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Volume 66, Number 3

Foreign Affairs Federalism: A Revisionist Approach

Apr. 29, 2013—This Article analyzes how federal courts should resolve disputes implicating both federalism and foreign affairs concerns when no textual source of law provides dispositive direction. This challenge, which arises in what Justice Jackson once called the “zone of twilight,” occurs with surprising frequency. Most recently, it can be discerned in Justices Kennedy’s and Scalia’s dueling...

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Resolving the ALJ Quandary

Apr. 29, 2013—Three competing constitutional and practical concerns surround federal administrative law judges (“ALJs”), who preside over all formal adjudications within the executive branch. First, if ALJs are “inferior Officers” (not mere employees), as five current Supreme Court Justices have suggested, the current method of selecting many ALJs likely violates the Appointments Clause. Second, a recent U.S....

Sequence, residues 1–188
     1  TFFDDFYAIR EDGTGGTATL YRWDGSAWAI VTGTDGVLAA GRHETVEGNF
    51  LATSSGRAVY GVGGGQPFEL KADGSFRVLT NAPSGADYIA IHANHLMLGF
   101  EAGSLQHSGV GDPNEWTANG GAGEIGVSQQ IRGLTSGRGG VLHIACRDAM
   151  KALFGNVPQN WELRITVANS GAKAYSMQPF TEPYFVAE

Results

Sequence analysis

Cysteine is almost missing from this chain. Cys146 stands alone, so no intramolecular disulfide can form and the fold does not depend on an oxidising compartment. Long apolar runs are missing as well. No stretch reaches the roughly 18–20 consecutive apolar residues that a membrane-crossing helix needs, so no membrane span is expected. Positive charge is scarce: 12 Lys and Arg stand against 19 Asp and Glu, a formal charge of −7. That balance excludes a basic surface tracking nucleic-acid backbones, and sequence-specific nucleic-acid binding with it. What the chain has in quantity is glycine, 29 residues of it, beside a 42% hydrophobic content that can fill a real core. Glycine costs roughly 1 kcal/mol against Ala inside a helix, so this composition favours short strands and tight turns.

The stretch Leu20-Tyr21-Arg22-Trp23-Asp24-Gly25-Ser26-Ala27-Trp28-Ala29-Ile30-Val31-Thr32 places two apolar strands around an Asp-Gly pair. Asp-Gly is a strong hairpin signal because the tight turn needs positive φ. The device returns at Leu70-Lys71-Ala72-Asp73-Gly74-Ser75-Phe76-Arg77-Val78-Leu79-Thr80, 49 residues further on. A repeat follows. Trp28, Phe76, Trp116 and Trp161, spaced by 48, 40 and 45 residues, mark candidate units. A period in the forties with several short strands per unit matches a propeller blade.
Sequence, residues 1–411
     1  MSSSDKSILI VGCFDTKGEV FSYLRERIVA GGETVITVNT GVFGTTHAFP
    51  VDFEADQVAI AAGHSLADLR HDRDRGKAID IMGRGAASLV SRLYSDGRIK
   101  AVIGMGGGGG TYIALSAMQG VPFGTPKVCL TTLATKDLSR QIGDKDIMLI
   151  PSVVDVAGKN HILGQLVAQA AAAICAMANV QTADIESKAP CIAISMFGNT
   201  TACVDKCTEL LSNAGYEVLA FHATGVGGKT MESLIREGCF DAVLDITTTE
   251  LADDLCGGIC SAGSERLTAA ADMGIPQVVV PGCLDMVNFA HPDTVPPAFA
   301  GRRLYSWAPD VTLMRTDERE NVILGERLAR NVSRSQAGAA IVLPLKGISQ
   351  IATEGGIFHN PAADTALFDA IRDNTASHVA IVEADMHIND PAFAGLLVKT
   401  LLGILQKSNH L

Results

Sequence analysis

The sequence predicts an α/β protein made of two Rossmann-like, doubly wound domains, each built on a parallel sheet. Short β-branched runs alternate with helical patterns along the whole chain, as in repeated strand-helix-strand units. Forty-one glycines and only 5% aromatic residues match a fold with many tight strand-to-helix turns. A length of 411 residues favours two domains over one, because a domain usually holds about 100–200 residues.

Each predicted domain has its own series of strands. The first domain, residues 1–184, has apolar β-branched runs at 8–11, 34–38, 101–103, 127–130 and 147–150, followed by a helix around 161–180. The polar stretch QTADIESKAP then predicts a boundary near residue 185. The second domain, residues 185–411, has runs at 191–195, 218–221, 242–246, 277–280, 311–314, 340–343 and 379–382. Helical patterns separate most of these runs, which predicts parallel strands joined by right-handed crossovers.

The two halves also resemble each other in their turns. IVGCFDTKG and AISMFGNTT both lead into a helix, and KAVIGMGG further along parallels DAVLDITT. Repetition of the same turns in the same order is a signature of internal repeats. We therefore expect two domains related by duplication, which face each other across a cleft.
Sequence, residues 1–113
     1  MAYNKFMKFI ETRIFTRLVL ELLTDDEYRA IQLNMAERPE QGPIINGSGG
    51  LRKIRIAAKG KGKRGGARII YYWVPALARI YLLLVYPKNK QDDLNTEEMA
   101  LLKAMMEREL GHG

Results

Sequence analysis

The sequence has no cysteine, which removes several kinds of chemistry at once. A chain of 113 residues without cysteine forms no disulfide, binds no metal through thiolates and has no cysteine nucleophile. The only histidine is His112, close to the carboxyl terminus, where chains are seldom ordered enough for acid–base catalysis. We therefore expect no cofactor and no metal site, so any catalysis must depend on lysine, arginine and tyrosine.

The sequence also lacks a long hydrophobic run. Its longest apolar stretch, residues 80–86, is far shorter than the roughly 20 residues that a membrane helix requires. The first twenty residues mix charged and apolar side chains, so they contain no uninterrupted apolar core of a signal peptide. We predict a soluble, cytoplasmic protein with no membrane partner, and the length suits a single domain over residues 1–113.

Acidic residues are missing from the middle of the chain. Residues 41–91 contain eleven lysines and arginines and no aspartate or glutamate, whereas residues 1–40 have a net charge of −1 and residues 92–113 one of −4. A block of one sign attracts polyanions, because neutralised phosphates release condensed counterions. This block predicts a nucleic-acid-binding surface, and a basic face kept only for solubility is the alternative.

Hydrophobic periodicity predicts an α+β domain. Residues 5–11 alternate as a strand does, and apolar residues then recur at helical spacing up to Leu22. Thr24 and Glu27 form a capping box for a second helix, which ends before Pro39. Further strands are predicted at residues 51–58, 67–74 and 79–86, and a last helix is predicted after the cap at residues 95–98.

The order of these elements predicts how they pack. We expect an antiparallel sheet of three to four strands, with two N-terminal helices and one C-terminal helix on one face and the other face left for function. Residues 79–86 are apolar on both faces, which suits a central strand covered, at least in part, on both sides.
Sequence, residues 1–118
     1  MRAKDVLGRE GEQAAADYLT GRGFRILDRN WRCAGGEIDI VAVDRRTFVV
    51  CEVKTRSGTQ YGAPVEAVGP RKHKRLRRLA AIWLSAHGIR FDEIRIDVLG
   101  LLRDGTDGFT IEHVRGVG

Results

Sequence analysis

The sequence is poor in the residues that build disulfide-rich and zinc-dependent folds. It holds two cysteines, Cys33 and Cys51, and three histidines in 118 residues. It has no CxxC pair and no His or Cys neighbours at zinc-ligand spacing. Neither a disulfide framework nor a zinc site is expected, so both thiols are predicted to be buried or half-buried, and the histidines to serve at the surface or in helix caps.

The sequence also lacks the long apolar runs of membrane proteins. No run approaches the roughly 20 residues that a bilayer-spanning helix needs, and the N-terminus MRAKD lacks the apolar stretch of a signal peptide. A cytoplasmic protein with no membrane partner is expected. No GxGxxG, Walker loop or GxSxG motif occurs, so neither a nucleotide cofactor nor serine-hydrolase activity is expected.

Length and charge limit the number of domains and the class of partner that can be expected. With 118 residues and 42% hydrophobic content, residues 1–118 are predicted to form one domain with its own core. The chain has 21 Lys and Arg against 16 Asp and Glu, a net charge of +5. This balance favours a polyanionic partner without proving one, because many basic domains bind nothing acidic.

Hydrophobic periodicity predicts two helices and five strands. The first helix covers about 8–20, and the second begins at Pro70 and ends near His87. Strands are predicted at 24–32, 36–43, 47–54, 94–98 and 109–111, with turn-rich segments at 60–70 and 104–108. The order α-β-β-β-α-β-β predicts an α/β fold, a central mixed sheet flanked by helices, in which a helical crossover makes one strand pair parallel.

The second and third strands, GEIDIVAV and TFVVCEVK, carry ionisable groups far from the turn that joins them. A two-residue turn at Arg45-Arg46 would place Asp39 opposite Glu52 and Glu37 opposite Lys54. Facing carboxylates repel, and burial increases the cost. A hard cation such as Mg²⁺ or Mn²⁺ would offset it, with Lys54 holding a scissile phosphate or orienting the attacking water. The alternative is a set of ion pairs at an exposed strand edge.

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Property: A Bundle of Sticks or a Tree?

Apr. 29, 2013—In the United States, property debates revolve around two conceptual models of property: the ownership model, originally developed in Europe and now revisited by information theorists and classical-liberal theorists of property, and the bundle of rights model, developed in the United States by Hohfeld and the realists. This Article retrieves an alternative concept of property,...

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